The ad sparked a debate about racism in the wealthy city-state, where 76% of the population is ethnically Chinese, 15% is Malay and 8% is Indian.

It sparked such a strong backlash that Havas, the agency behind the ad, and Mr Chew's agency issued a joint apology, and the ads - which were printed - were taken down.

"The message behind this advertising campaign is that e-payment is for everyone," the agencies said in a statement. "For that reason, Dennis Chew, well-known for his ability to portray multiple characters in a single production in a light-hearted way, was selected as the face of the campaign... We're sorry for any hurt that was unintentionally caused."

Where does rap come into this?

In response to the ad, Preeti and Subhas Nair released a satirical music video called K. Muthusamy - after the name given to the Indian character in the Nets advert.

In that, the siblings rapped that Chinese people are, to paraphrase, "always messing it up" - although they used stronger language.

"Y'all be doing the least but still doing the most, is it the app or the stereotypes you're trying to promote?" the pair added, with the offending advert behind them.

Later the rappers issued a statement which appeared strangely familiar: "The message behind this music video is that opportunities must be for everyone. For that reason, K Muthusamy, well-known for his ability to address privilege, power and censorship in a single production in a light-hearted way, was selected as the face of this music video... We're sorry for any hurt that was unintentionally caused.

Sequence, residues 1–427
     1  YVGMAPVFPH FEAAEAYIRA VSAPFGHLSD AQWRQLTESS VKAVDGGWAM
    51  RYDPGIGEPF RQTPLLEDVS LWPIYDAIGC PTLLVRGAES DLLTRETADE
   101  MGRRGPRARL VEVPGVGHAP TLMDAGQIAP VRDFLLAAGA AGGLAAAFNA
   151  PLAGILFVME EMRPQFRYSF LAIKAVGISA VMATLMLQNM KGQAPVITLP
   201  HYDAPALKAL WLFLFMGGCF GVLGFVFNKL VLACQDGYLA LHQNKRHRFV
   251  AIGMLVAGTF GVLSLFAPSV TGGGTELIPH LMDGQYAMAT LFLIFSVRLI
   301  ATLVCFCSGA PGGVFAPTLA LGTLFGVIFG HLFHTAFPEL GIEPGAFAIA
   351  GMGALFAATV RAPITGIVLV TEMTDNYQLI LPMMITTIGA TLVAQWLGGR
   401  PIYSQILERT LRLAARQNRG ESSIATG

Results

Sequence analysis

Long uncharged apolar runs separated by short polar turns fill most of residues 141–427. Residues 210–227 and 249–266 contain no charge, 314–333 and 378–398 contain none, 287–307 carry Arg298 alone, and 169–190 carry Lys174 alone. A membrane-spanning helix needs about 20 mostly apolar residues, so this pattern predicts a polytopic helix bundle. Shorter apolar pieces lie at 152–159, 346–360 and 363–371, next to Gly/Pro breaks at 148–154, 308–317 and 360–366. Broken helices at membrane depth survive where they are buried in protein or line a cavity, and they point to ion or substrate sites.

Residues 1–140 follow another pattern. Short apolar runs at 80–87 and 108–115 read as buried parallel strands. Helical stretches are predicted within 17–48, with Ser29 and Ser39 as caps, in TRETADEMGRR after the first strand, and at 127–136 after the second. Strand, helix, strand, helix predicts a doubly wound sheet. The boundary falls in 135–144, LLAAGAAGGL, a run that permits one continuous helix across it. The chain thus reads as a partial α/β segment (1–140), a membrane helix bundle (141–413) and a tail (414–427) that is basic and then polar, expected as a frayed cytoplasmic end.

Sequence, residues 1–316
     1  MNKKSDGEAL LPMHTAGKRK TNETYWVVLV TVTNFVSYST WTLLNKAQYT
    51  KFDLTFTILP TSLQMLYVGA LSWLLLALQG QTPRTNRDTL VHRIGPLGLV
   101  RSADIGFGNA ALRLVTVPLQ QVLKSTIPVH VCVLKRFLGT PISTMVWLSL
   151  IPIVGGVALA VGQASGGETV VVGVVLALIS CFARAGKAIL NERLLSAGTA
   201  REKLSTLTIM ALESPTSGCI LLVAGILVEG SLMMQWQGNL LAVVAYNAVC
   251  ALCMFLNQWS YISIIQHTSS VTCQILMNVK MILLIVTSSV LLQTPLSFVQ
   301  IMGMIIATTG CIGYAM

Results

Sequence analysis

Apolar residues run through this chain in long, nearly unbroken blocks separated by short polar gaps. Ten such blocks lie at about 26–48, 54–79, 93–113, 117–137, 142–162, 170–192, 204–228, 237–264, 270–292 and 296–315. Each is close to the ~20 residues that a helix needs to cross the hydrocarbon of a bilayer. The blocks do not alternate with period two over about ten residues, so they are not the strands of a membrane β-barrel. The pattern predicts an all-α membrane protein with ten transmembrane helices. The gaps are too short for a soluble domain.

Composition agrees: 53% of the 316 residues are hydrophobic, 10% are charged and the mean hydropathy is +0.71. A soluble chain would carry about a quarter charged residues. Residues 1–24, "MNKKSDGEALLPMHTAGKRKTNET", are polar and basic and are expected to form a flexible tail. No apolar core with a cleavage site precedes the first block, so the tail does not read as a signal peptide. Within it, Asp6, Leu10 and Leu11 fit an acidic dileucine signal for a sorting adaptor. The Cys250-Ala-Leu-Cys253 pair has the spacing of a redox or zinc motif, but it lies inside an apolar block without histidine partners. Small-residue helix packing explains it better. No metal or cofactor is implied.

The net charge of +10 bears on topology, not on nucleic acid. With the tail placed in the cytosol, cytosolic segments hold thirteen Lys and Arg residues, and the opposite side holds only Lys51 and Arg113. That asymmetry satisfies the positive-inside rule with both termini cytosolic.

Image copyright YouTube
Image caption The government has called the satirical rap video, created by Preeti and Subhas Nair, 'blatantly racist'

YouTube, Facebook and Twitter had also blocked the video from being viewed in Singapore after the government requested its removal.

Law and home minister K Shanmugam later confirmed that the government had asked the sites to take the rap video down, and that it was being investigated by the police.